• “BOEING” if it starts with a “B.”
    • “CANADAIR” if it starts with a “C.”
    • “EMBRAER” if it starts with an “E.”
    • “MCDONNELL DOUGLAS” if it starts with an “M.”
    • “UNKNOWN” in all other cases.
The BSON document for this stage looks like:
The resulting output documents look like:
The Java code for this stage looks like:
Note again the use of type-specific field accessor methods to get the aircraft model type (string) and aircraftSet (array of type MqlDocument). In determining the aircraft manufacturer, we’ve again used a fluent coding style to conditionally set the value to Boeing or Airbus.
With our three pipeline stages now defined, we can now run the pipeline against our collection:
If all goes to plan, this should produce output to the console that look like:
In this article, we shown examples of how expression operators and aggregation builder methods in the latest versions of the MongoDB Java drivers can be used to construct aggregation pipelines using a fluent, idiosyncratic style of Java programming that can utilize autocomplete functionality in IDEs and type-safety compiler features. This can result in code that is more robust and more familiar in style to many Java developers. The use of the builder classes also places less dependence on developers having an extensive understanding of the BSON document format for aggregation pipeline stages.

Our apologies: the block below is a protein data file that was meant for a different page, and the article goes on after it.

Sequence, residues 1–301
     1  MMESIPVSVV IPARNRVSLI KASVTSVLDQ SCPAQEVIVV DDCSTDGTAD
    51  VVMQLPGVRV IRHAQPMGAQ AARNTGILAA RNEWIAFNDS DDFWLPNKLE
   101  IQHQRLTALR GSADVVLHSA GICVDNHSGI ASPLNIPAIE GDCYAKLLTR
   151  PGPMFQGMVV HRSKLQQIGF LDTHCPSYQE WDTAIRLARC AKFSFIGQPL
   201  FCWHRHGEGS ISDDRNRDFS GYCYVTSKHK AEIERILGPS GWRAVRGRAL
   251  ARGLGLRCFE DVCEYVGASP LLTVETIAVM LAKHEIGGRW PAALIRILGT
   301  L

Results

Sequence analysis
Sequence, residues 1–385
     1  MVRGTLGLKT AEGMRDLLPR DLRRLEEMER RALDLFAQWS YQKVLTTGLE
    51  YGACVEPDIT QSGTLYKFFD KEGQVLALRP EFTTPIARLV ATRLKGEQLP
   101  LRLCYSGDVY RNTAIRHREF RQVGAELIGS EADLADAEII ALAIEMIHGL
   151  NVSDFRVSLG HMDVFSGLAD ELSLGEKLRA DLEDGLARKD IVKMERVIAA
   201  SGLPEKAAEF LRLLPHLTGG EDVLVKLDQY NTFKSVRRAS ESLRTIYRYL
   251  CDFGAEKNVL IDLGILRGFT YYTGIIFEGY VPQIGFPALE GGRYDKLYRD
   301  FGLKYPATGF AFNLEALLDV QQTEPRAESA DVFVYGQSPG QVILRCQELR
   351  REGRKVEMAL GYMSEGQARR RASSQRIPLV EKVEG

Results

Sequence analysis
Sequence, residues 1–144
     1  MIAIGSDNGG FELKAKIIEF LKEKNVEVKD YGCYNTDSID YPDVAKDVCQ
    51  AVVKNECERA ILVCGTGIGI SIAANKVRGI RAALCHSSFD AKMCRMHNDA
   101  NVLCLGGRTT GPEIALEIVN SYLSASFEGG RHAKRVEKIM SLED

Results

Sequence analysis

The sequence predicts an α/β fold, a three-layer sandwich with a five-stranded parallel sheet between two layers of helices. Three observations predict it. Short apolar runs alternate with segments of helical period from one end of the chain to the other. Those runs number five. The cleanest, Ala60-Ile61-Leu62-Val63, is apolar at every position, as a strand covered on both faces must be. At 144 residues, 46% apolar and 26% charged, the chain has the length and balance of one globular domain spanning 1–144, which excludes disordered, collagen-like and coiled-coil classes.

More information on the use of aggregation builder and expression operator classes can be found in the official MongoDB Java Driver documentation.
The example Java code, aggregation pipeline BSON, and a JSON export of the data used in this article can be found in Github.
More information
[1] MongoDB uses Binary JSON (BSON) to store data and define operations. BSON is a superset of JSON, stored in binary format and allowing data types over and above those defined in the JSON standard. Get more information on BSON.
[2] It should be noted that storing the position reports in an array for each aircraft like this works well for purposes of our example, but it’s probably not the best design for a production grade system as — over time — the arrays for some aircraft could become excessively large. A really good discussion of massive arrays and other anti patterns, and how to handle them, is available over at Developer Center.
[3] The use of expressions in Aggregation Pipeline Match stages can sometimes cause some confusion. For a discussion of this, and aggregations in general, Paul Done’s excellent eBook, “Practical MongoDB Aggregations,” is highly recommended.

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Table of Contents
  • The ADSB air-traffic control application